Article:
For most of us, protecting our home is common sense. We lock our doors and windows when we leave, set the security alarm and trust that everything we own will be waiting for us when we get back. If there’s a problem, we’re counting on the alarm company to let us and the appropriate authorities know. Of course, this plan relies on things like electricity and emergency services infrastructure.
In a dire circumstances like an apocalypse, how can you protect your property if you can’t rely on police or the fire company to show up? Here are 10 creative ways to protect your home in a survival situation.
1. Upgrade Your Deadbolt
The deadbolt on your exterior doors helps to secure your home when you’re away, but if you haven’t replaced it in a while or upgraded your entryway, you could be putting yourself at a disadvantage when it comes to security. With an old door or a worn-out doorjamb, it’ll take a persistent thief less than five seconds to kick your door in and make their way into your home. According to FBI statistics, 65% of break-ins occur when a thief forces an exterior door open.
Check your existing deadbolt to see how far it extends. If it’s shorter than 1 inch or wobbles when locked, you should replace it.
Next, check the screws that secure both the deadbolt and the strike plate. If it still has the original hardware installed, chances are high that the screws are 1/2 inch or less in length. These screws will tear out of the doorjamb quickly if enough pressure is applied. Replace them with 3-inch wood screws to reinforce the jamb.
Finally, install a new deadbolt. Grade 1 or 2 deadbolts are ideal for home security. If you have any exterior doors that don’t have a deadbolt, make sure to install one. Without it, anyone can bend the doorjamb enough to get the handle’s latch to release with nothing more than a pry bar or long screwdriver.
2. Get a Dog
Robbers and looters are almost always opportunistic and looking for the easiest score. They want homes they can get into and out of quickly and undetected, which means well-lit properties and ones with security cameras are usually off-limits. In a survival situation, if using security cameras isn’t an option, a barking dog can be the next best deterrent. A news station interviewed 86 reformed thieves and asked them how they chose their targets. Most admitted that a large or loud dog in a home would discourage them from targeting the property.
While a dog isn’t a fool-proof solution to protect your home, especially if their bark is worse than their bite, it can discourage the casual thief from targeting your property.
3. Replace Lightweight Doors
While the exterior doors of your home might be heavyweight, the interior ones are often hollow and won’t provide much protection from home invaders. A determined individual can break through one of those doors with their fists or feet without too much difficulty. If you want to protect your home, replacing those lightweight, hollow doors with something more substantial can improve your home security.
Choose your doors carefully. Solid wood can help keep your house quieter because it prevents sound transmission from room to room. If you’re concerned about fire, investing in fire-resistant doors might be a good idea. These doors can provide up to 30 minutes of protection in the event of a house fire, giving you time to wake up and get yourself and your family to safety. And of course, if someone breaks in, you can easily block their path or protect yourself with a locked door.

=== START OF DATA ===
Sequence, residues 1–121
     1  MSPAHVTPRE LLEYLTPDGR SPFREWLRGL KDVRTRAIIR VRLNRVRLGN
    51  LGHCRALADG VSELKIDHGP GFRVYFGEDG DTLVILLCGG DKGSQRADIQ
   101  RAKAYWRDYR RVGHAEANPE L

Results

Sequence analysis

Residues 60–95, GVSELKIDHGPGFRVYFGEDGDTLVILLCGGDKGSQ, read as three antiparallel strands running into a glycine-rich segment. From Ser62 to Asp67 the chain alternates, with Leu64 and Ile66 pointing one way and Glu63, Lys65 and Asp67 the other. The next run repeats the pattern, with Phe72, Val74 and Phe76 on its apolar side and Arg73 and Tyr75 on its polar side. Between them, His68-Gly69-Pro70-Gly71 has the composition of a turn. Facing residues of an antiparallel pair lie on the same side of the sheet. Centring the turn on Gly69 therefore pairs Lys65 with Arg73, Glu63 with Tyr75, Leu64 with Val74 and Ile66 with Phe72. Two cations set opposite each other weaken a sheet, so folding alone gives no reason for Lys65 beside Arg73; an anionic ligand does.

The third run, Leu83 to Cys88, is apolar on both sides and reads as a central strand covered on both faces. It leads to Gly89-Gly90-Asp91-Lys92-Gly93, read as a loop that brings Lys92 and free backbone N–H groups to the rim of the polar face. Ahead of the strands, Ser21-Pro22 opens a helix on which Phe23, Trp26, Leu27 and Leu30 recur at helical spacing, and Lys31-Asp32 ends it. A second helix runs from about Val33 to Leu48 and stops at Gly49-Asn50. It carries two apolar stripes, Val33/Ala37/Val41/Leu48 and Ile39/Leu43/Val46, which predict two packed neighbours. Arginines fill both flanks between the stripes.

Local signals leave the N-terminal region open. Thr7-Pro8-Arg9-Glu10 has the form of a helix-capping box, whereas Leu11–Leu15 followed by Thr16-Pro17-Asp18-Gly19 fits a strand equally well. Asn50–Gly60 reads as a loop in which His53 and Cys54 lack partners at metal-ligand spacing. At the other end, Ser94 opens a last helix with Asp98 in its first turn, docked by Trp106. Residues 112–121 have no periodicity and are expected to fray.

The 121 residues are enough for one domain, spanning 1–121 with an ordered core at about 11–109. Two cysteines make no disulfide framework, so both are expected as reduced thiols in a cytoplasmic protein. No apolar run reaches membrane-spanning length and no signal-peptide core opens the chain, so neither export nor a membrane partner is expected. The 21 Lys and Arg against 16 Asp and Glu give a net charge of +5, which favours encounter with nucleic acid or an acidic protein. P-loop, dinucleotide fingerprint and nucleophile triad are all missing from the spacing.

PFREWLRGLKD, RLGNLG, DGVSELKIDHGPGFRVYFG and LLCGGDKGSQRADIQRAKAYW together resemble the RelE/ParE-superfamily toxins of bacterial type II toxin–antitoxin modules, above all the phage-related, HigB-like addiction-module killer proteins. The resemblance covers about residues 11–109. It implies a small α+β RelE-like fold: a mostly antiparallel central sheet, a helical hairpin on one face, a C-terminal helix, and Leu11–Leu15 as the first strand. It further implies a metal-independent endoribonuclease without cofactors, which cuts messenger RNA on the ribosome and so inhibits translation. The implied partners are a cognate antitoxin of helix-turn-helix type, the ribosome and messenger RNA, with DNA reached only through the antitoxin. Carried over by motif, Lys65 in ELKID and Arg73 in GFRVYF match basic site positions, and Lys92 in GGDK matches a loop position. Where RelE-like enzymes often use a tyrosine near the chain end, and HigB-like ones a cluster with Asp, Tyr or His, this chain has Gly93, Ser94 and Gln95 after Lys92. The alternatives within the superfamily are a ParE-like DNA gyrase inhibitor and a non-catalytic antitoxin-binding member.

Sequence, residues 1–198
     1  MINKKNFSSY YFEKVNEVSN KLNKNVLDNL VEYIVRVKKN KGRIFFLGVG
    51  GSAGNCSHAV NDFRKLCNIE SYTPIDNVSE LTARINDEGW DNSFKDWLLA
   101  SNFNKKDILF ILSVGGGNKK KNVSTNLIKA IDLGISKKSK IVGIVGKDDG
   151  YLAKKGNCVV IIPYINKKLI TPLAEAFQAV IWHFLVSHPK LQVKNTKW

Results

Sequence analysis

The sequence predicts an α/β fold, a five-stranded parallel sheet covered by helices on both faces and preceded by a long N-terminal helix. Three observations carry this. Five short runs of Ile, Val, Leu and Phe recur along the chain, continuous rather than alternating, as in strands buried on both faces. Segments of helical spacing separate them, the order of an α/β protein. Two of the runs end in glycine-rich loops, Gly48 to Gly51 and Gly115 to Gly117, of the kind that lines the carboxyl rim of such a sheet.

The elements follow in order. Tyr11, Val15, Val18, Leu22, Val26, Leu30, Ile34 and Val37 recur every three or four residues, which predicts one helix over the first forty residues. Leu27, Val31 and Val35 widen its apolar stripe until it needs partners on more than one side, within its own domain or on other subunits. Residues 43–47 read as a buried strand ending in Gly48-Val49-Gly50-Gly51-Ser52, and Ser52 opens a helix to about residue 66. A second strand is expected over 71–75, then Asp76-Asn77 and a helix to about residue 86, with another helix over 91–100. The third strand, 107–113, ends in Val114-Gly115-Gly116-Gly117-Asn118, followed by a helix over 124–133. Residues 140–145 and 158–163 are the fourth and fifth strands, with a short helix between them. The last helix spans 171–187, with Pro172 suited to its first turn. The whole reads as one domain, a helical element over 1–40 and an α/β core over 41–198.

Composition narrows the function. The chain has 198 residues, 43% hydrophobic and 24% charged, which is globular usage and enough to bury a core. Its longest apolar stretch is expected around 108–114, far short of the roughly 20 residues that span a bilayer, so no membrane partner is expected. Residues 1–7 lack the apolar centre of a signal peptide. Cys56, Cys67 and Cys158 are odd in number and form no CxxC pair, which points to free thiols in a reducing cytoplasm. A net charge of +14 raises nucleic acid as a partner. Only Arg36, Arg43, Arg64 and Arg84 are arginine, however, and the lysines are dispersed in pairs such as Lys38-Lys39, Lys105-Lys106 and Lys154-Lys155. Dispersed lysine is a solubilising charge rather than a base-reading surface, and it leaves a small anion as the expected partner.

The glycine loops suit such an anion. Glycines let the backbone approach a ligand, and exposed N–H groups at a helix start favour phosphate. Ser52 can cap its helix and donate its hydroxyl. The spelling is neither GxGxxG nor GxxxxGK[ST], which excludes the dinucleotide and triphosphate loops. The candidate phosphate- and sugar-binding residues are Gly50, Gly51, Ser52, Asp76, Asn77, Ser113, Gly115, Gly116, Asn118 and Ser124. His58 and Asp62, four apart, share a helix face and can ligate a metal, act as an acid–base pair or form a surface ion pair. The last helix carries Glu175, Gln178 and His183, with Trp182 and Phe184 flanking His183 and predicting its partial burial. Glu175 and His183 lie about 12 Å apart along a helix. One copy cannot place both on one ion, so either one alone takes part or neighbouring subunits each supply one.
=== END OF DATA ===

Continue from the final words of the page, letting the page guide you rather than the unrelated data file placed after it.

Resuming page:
4. Keep Your Landscaping in Check
If the world as we know it ends, it’ll be tempting to let your landscaping grow out of control since you won’t have a homeowners’ association breathing down your neck anymore, but that kind of unchecked growth can also hamper your security efforts. Keep any shrubs in your front yard trimmed down so that thieves can’t hide behind them.
You may also want to consider planting ‘barrier shrubs’ around your property. This term is a broad name for any plant with thorns or sharp leaves that will hurt if someone tries to crawl across or hide behind them. Even rose bushes can serve as barrier shrubs — plus they look gorgeous when they bloom.
An unkempt yard tells thieves that there’s probably no one home, so they may target your property if you leave your lawn unattended. Keep your landscaping in check if you want to keep your home safe.
5. Install Bollards
The strongest door in the world doesn’t do you a whole lot of good if someone drives a car into your foyer. Bollards, or steel poles filled with concrete, are something you usually see in front of businesses or other commercial buildings, protecting these facilities from a runaway car or truck that could cause thousands of dollars of damage. Why not install some of these protective devices in front of your home?
You’ll have a number of different options when you’re choosing bollards, but in this situation, you’ll want to opt for crash-resistant models. You can choose removable models if you’re going to need to get large vehicles in and out of your garage, but for the rest of your home, permanent bollards are the better choice.
6. Build a Fence
While having a white picket fence might be part of the American Dream, it isn’t going to do much to protect your home, especially in a survival situation. Skip the wooden privacy fences and other products you could install for aesthetics in favor of a fence that doesn’t offer hiding places, can’t be bypassed and is hard to climb over.
Our favorite option for home security is a wrought iron fence that’s at least eight feet tall. They look amazing, they’re difficult to scale and they’re impossible to cut through unless you’re bringing a welding torch with you. This kind of fence isn’t always an option, however, depending on the limits set in place by the relevant homeowner’s association or local building codes.